In the universe of African music, many genres float about, some frequently colliding with each other to produce breathtaking showers of melody, whilst others stay true to their orbit. Stevo Atambire is from one of such musical traditions that is magnetized to its path. However, the seasoned musician has decided to steer his asteroid of sound towards you. On Teach Me his latest solo album, Stevo Atambire has produced an electrifying Kologo music project that does well at clearly defining this old genre of sub-Saharan music as well as beaming its sound into the future.
The album ebbs and flows with a strong and refreshing pedagogical current for both the artist and the listeners. The opening track, Kologo, featuring Wanlov the Kubolor (reprising his role in the Afro-Gypsy band with Stevo Atambire) creates an even starting point for the immersive cultural experience that is to follow over 18 cuts by announcing what Kologo music is in grand fashion. This distinct two-stringed fiddle similar to the Goge of the Hausa has several similar versions all over the continent. However, the song drizzles the brash and tingling melodies of the Kologo, indigenous to the Frafra of the Upper East Region of Ghana, as he defines the genre and the flamboyant culture that accompanies it.
The teaching lessons that follow this introduction are a jigsaw puzzle design by the virtuoso Stevo Atambire and The Alostmen (his band) as they explore various facets of Frafra cultural through picturesque and poetic story-telling and possessive, charming melodies including electro-pop chords, auto tune vocals, rap verses, Sahelian sonic structures and highlife horn sections all of which bookmark the project as an almanac of contemporary Ghanaian sound. Stevo also uses various brief and almost cryptic skits as cues that steer you through the elaborate web he weaves with his bold voice, a steady and reassuring personality on the project.
Being economical with features, Teach Me brings in just a few other African musicians who demonstrate how unique yet malleable the Kologo sound is. Highlife legend Gyedu Blay Ambolley on the song Minus Me, spins a black super hero soundtrack with the blaring parade like horn section that start the song and eagerly chase the pacy kologo chords throughout the song. The cut doesn’t particularly attempt to clear a path for the popular highlife rhythm but rather sprinkles a new sound that goes to show just how much can be done with traditional sounds in contemporary Ghanaian music.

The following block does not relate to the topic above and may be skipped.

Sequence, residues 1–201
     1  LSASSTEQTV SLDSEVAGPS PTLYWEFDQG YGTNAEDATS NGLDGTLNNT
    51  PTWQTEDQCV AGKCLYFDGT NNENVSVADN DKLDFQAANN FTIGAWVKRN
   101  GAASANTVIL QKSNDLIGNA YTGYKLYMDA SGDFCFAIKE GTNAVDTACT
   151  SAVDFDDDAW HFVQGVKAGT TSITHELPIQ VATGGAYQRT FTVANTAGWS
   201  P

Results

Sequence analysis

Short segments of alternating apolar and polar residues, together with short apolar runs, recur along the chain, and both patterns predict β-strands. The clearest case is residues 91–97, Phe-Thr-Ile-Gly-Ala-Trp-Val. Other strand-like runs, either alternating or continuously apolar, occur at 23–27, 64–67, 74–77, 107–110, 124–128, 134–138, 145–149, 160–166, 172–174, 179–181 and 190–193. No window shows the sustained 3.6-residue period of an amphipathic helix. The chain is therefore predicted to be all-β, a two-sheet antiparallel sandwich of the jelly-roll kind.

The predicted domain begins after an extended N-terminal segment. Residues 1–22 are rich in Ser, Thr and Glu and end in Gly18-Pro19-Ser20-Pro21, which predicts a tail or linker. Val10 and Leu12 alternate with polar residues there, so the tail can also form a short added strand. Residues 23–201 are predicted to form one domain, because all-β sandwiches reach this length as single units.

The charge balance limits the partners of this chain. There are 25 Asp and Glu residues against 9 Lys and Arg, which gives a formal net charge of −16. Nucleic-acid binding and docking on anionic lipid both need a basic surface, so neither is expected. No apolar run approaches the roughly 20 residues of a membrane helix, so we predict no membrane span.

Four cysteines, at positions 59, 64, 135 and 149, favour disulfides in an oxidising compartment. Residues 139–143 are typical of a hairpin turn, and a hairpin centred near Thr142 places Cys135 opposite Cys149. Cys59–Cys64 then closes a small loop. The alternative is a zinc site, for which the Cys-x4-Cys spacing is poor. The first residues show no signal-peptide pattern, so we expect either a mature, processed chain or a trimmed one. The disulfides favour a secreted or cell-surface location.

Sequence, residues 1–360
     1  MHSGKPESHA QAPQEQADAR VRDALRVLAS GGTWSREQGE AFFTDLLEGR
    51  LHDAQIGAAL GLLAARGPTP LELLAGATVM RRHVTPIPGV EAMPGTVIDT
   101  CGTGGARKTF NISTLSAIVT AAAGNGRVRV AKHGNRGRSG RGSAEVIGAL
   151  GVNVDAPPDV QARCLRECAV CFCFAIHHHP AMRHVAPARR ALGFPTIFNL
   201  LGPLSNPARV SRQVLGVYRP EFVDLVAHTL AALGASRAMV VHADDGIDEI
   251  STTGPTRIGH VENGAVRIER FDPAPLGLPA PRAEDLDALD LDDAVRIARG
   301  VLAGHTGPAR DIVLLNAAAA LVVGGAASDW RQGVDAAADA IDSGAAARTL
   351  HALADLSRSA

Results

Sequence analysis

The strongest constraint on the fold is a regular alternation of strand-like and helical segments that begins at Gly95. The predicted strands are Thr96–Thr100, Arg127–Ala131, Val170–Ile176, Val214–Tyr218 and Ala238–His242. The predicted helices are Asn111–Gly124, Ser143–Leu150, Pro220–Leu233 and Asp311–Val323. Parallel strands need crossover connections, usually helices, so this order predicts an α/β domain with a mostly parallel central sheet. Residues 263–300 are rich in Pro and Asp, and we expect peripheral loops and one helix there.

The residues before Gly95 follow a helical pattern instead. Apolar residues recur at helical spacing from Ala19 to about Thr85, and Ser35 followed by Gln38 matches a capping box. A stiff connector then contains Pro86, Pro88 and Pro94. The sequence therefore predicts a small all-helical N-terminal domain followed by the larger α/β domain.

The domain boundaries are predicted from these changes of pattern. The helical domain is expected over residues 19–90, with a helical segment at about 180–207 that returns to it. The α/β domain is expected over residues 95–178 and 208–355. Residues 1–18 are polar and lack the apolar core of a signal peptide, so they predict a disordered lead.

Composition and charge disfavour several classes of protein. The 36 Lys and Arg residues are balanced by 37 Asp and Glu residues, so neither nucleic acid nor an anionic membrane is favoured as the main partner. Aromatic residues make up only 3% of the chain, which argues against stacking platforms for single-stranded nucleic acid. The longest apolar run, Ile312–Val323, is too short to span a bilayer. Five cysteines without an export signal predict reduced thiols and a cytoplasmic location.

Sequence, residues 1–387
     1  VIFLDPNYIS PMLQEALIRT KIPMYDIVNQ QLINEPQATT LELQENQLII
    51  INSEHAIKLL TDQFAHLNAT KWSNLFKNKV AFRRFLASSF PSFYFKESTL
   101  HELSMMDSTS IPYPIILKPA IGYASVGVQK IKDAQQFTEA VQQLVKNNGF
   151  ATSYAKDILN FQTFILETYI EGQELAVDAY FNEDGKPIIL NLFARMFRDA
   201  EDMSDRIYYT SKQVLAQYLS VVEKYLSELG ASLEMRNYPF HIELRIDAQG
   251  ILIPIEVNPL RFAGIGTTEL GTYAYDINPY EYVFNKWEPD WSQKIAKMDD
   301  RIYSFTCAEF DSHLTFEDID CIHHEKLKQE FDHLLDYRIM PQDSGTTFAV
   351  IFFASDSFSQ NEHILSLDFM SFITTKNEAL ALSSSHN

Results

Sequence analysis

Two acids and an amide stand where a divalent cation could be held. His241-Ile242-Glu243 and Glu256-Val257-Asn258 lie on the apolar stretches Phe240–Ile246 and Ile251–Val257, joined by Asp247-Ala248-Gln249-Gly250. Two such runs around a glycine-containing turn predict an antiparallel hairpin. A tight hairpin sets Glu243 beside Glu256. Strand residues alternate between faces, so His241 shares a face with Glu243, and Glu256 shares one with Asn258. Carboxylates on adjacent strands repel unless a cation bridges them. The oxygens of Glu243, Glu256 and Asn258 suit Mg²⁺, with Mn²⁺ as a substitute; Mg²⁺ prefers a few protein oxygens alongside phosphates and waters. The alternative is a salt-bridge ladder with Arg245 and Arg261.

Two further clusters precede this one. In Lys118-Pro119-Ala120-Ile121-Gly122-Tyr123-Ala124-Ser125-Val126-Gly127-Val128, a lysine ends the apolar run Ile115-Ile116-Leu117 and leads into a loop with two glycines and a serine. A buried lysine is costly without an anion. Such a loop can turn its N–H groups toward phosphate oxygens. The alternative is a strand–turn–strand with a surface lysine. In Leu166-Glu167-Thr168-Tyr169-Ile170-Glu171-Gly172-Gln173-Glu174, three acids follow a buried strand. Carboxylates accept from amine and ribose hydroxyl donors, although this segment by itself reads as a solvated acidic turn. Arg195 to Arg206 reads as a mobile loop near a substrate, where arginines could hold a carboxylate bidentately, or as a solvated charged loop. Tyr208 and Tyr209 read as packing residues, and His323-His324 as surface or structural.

Aside Stevo’s didactic process on the tape, he also makes creative use of language in his lyrical architecture. Singing in Pidgin English and Frafra, Stevo Atambire leads his listeners into the deeply poetic world of the Kologo. The tiny instrument which is often played alone, relies heavily on a stellar vocal deliver to reinforce its sonic strength. This happen to be Stevo’s strongest asset, his ability to deliver notes with the force of rocket ships headed towards the stars. On all the songs, be it the acoustic cuts or the more percussion heavy songs, he soars above all the instruments and asserts an assuring presence throughout. Indeed, it could be said that the Kologo does rely much on personality than rhythmic dexterity to create beauty. King Ayisoba, one of the godfathers of the genre does exemplify this good cop, bad cop relations between the Kologo and its players, always serving as a foil to its mellow and lulling sounds.
Teach Me might have benefited from a much more condensed track listing although the entire project wraps up in a little over an hour. The midsection of the tape feels more drawn out than should be. Most of the significantly better cuts are also situated at the tail end of the tape, like the mesmeric afro-rock number with Ambolley and the electro-goje jam, Do Good featuring Medikal. Stevo could had condensed his ideas for a more impactful delivery rather than spreading them over 18 tracks, introducing something new every three minutes. Nonetheless, this projects is one of the most memorable you will hear this year, as the raspy and brash vocals layered on the skeletal and chilling kologo chords and temperate drum loops will reverberate through your subconscious after encountering it for the first time.
Kologo music with its dedicated cult following and massively talented musicians would definitely benefit from a wider audience. Teach Me on its own is serving as a much required catalyst for conversations on contemporary Ghanaian music, spotlighting the other genres outside of highlife and hip life. With this album, Stevo Atambire sketches the opening chapters a great historical tale about Frafra culture and this ageless musical instrument. Hopefully his voice is strong enough to carry the rest of the history and culture to the world. If his live performances with his band, The Alostmen, are anything to go by, then Stevo Atambire is more than capable, just as King Ayisoba helped revitalise Kologo Music years before. The striking video below, Ladelabeni, shot by Wanlov also makes a strong case!
Written by Hakeem Adam
Photos: Nii Kotei Nikoi